We had to weigh out some lard and then put it into a pan of cold water.  This was then heated up gently until the lard had dissolved and then added, very quickly before it cooled, into the plain flour.  We all stirred the lard and water into the flour and the dough formed very quickly.  We then had to manipulate it with our hands to get the right consistency and then divide it into four portions.  From each portion we took a walnut sized piece out for the top of the pie.  If you look at the photograph I think they look like potatoes!
We then had to quickly shape the dough whilst it was still warm into cup shaped pieces and fill with the meat.  An egg wash applied to the edges of the pie and then the top placed on and stretched to cover the whole pie.  After that the egg wash is then reapplied to all the pie.  This procedure was done with all the four pies and they were ready for the oven!
As we had to wait for the pies to cook Sally suggested that we break for lunch and have a walk around the farm if we wished.  The lovely little café is the old schoolhouse which the children from the estate would attend.  It is so cute and hardly seems possible that such a small number of children would attend their own school.   The door at the back of the school was just so nice.
The wall plaque was dated from 1937 to 1946 and showed the names of some of the pupils from the school and where they eventually went after leaving. There was also a plan of the school showing the exact layout as it was.  This is where we had our lunch.
These were some of the children who were attending, it didn't have a date on the photograph unfortunately but judging from their clothes it would appear to be the 1940s, what you do think lovely Readers? 

The top photograph is the picture of the school and it looks exactly the same today, the lower photograph is obviously taken much earlier than the previous one - not sure what date that would be - any ideas?
After a delicious lunch of quiche and potatoes and a large slice of Victoria sponge cake we both went back to see how our pies were going on.  The lovely Sally had stayed in the kitchen and looked after everyone's pies as they were cooking.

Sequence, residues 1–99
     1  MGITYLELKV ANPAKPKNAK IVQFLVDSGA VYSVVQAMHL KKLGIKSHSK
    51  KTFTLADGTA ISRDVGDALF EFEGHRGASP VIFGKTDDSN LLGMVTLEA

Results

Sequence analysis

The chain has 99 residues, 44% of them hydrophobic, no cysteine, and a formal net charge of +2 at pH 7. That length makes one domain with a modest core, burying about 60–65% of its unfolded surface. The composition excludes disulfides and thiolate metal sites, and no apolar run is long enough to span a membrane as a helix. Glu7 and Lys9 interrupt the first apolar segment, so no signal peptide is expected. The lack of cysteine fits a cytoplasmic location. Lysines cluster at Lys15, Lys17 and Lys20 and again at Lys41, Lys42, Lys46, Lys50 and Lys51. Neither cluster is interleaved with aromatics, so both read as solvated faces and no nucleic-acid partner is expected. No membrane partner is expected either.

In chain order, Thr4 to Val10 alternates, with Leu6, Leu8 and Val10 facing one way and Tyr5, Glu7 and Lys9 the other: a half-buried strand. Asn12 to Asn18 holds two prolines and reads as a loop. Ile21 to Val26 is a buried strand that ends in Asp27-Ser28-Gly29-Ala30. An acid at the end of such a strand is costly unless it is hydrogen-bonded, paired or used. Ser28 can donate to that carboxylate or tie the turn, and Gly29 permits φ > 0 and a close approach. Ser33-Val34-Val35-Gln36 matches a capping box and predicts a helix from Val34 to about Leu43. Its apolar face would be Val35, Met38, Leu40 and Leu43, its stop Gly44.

The next part of the procedure entailed putting in the jelly - I had thought that this would go in at the time of cooking but it is added later when the pies have cooled.  This obviously makes more sense to me now but I hadn't really thought of it before.  The original recipe for the jelly was made up of pork bones, pigs trotters, onion, carrot, parsley, celery, black pepper corns, thyme, bay leaves and cloves.  However, Sally suggested that we use leaf gelatine which can be bought in the cake making section of any of the large supermarkets.  This can be made up with stock or water. 
I hadn't realised why pork pies were constructed as they were.  Sally told us that, historically, pork pies were made to use up all the scraps of  meat which were left over and couldn't be used for anything else.  These were all put together and baked in small pies, however, the men found that carrying them in their bags when they were walking to work meant that the motion of the meat rattling around inside the  pie then cracked the pie crust and the whole thing would just fall apart.  They came up with the fabulous idea of putting a seal of gelatine around the meat to cushion it and keep the pie intact!  Well I thought that this was just ingenious and it obviously worked as they have been around such a long time

I wasn't able to get any photographs of this procedure, sorry, as it had to be done quickly and my hands were rather greasy!  It doesn't look very appetising in the photograph but Sally assured us all they would be delicious - I have to take Sally's word for that.